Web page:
What Do Bedridden People Need for Preventing Bed Sores


When a person’s mobility is reduced and they are confined to a bed or chair, more often than not, it is likely that pressure injuries will develop. The lack of movement puts pressure on the shoulders, lower back, the back of the head, the buttock area, the heels and the elbows. Since pressure injuries are very hard to treat it is better to do all in one’s power to prevent them on time and that includes: regular changes of the position, skin care, maintaining good hygiene and getting a special type of mattress that targets such issues.

These mattresses are especially designed to prevent bed sores, or otherwise known as ulcers. Ulcers occur when circulation is inhibited due to lack of movement when bed confined. The excessive contact of the body and the mattress makes for the creation of these pressure spots that in turn pinch off the tiny blood vessels. This prevents the delivery of nutrients to the underlying tissues and the skin. When constantly deprived from nutrients, and there is constant rubbing and friction, the skin becomes a very convenient area for the formation of ulcers and infections.

Here’s no denying a bedridden person can greatly benefit from a pressure care mattress being included in the treatment regiment. That being said, let’s see which are the three main types of pressure care and relief mattresses.

Foam Pressure Relief Mattresses

This type of surfaces aid the proper distribution of body weight. Oftentimes, instead of foam, such mattresses can be filled with gel, fiber or fluid. The proper distribution prevent feeling pressure in the commonly affected areas. In order to achieve this, the foam of such mattresses is self-molding and shock-absorbing.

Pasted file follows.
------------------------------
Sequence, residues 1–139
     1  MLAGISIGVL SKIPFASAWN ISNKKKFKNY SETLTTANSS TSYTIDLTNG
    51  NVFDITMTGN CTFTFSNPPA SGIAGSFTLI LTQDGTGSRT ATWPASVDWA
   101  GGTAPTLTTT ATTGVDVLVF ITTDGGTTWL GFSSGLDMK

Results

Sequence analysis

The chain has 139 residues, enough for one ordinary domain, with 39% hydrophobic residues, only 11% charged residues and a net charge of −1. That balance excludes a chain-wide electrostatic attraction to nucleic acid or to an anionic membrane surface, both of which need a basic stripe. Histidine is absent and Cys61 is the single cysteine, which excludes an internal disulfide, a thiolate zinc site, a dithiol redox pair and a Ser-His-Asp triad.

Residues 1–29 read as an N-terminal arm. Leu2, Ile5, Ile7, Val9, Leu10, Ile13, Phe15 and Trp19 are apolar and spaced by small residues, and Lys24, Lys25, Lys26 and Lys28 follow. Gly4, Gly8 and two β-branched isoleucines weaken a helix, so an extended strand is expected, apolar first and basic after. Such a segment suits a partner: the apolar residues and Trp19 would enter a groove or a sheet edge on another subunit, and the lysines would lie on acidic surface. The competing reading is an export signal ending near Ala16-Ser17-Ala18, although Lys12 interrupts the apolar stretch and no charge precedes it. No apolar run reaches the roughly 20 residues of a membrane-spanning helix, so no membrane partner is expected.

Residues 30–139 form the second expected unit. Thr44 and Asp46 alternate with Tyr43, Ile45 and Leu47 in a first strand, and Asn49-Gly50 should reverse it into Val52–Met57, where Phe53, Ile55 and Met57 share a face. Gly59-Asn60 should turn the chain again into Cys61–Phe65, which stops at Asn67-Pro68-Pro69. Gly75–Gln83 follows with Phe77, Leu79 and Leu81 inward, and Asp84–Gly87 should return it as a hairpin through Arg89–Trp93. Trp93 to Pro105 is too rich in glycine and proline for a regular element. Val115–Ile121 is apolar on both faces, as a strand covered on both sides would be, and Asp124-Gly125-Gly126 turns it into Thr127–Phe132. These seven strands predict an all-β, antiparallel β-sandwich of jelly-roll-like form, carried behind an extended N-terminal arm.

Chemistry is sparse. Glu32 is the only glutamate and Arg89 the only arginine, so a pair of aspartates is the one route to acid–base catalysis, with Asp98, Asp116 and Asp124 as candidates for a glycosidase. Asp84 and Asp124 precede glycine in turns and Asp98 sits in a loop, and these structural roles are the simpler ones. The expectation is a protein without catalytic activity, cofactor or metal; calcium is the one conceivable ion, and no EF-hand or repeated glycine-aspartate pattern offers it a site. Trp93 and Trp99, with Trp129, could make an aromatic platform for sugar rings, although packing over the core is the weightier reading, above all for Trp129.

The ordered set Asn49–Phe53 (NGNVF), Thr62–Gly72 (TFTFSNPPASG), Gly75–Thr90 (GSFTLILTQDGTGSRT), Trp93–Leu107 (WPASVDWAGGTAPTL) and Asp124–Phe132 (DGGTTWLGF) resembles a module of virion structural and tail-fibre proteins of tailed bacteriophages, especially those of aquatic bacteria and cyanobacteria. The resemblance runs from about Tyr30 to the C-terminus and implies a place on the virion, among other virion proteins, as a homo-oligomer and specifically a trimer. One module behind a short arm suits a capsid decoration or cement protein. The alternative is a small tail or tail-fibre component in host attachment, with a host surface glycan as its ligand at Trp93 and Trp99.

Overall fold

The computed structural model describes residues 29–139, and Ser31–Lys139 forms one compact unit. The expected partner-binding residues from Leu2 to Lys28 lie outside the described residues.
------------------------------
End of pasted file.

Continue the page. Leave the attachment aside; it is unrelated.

Air Pressure Relief Mattresses

These surfaces rely on devices that deflate and inflate interchangeably, thus creating an alternating pressure-relieving surface. For instance, the Low Air Loss (LAL) systems feature small holes withing the mattress and a system for blowing that blows air into the mattress and later on letting it escape. Due to this movement, the bedridden person gets better blood flow which in turn prevents the formation of ulcers.

Alternating Pressure (AP) mattresses

These feature individual air tubes that deflate and inflate automatically and are tied to a preset schedule (usually determined by the patient’s caregivers). When the air powered pressure is applied and then released, it helps enhance the blood flow through the capillaries. Apart from preventing various infections and ulcers, these mattress can also be used for patients that suffer from fibromyalgia, multiple sclerosis, Lou Gehrig’s disease and those recovering from critical burns.

Finally, since the needs of bedridden patients vary, the choice of mattress should be discussed with the person’s medical team which will take into account their comfort goals, abilities and general state of health.

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